(De-)Vision Division is a series of paintings of a single scene that blends an everyday scenario from North Korea and another scenario from South Korea into one. It is a scene I combined from two photos, one of volleyball players in North Korea, and one of people walking on a gentle slope of a mountain in Gangwon-do, South Korea. Korea has been divided for more than 75 years. Although many attempts have been made to reconcile and reunify the two states (e.g., through the so called “Sunshine Politics”) the division remains as unquestionable as ever and the border is one of the most heavily monitored regions in the world.

With this series, I paint landscapes where boundaries are broken down – in the actual landscapes as well as in the painting techniques and further artistic methods I am using in the process. The paintings of (De-)vision Division are variations of the motif described above. The idea behind the repetition is to envision the two divided Korean states as unified – yet blurred and modified. Through the tearing down of borders, between the two depicted scenarios and metaphorically between the two divided states, the long-dreamt reunification or peaceful coexistence of the two Korean states becomes tangible – at least in the eyes of the viewer. As a result of this process of visually undoing the division, the famous quote about the German reunification of the former federal chancellor Willy Brandt, “What belongs together is growing together,” may be applied to my paintings.

I have finished the first ten paintings of the series between 2021 and 2023, a time during which I was working on abstracting the realistic scenes through a formal visual language, because actual boundaries can never be broken down if reproduced on canvas. Rather, it is necessary to first discover the formative features behind the visual surface of a border or boundary, to then verbalize these features in a pictorial language. While in the beginning, it was difficult to move away from a reproductive interpretation of the motifs, by the seventh painting, I began to replace the realistic elements of the scene by an abstract formal language. For example, the green of the landscape was replaced by red, and the boundaries of the landscape immediately began to blur. In order to develop this change further, I painted the eighth painting, the ninth and tenth paintings.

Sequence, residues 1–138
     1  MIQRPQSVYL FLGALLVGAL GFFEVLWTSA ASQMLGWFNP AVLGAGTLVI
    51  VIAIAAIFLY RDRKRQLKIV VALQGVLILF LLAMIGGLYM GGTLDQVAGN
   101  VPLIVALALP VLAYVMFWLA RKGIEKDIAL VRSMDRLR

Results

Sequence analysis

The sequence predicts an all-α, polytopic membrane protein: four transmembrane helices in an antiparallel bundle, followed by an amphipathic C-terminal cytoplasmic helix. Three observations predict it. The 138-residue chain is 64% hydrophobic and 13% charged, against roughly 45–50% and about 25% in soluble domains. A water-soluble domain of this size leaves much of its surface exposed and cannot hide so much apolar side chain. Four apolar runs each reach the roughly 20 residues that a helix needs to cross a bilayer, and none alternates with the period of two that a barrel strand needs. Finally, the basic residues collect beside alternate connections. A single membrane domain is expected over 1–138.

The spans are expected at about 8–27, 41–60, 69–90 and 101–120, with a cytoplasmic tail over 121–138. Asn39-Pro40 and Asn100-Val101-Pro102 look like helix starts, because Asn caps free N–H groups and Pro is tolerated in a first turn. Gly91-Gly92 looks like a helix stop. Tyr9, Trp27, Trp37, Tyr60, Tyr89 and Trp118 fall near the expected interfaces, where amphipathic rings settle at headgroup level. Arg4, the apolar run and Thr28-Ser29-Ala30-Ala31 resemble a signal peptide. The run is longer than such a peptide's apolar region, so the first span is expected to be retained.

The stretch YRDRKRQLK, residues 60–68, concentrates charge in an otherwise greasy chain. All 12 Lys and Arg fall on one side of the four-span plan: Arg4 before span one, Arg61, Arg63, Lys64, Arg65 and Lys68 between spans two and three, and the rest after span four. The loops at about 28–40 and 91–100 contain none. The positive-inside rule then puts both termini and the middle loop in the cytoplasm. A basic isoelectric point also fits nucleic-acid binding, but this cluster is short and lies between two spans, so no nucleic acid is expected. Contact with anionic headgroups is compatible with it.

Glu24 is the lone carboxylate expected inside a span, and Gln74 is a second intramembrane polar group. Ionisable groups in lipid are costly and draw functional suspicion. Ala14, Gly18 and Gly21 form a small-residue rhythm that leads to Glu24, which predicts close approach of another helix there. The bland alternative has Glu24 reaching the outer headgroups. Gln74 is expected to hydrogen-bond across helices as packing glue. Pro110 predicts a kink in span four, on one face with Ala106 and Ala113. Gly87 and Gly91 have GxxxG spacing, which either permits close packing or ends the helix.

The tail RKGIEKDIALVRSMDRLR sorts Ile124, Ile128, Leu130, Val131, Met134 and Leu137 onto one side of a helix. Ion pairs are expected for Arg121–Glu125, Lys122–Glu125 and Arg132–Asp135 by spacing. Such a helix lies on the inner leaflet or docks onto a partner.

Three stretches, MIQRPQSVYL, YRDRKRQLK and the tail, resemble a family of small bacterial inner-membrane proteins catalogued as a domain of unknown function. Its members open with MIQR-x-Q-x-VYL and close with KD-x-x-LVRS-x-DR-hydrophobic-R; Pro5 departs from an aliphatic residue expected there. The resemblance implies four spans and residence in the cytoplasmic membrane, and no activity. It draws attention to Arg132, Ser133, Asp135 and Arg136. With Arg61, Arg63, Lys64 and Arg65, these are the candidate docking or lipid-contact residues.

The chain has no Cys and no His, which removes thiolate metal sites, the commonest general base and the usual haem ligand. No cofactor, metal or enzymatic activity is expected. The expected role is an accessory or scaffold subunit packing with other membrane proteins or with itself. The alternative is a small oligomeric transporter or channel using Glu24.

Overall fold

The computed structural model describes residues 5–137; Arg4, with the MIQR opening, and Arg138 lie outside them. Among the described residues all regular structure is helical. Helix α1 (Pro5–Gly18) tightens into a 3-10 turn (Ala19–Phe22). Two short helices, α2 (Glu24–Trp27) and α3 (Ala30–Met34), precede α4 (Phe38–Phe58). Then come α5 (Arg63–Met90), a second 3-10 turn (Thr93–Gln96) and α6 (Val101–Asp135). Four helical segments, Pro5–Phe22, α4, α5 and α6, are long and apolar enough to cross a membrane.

I am planning to continue with next 10 paintings on this series. And this year I will work on the next five paintings along with an in-depth study of my painterly
elements and techniques. I intend to refine my method of translating the realistic elements of a scene into an abstract formative language, while at the same time working on connecting the abstract pictorial elements back to the realistic scene. By enriching my pictorial language and by using academic research methods for the in-depth study of my own painting techniques, the next paintings will result in a new landscape, one that pushes the idea of a new vision even further. The boundaries of the existing landscapes of the separated North and South, which are subtly overlapped – in each of the paintings – with each other, are broken down more and more with each new painting, and the two landscapes will be combined in yet a new way.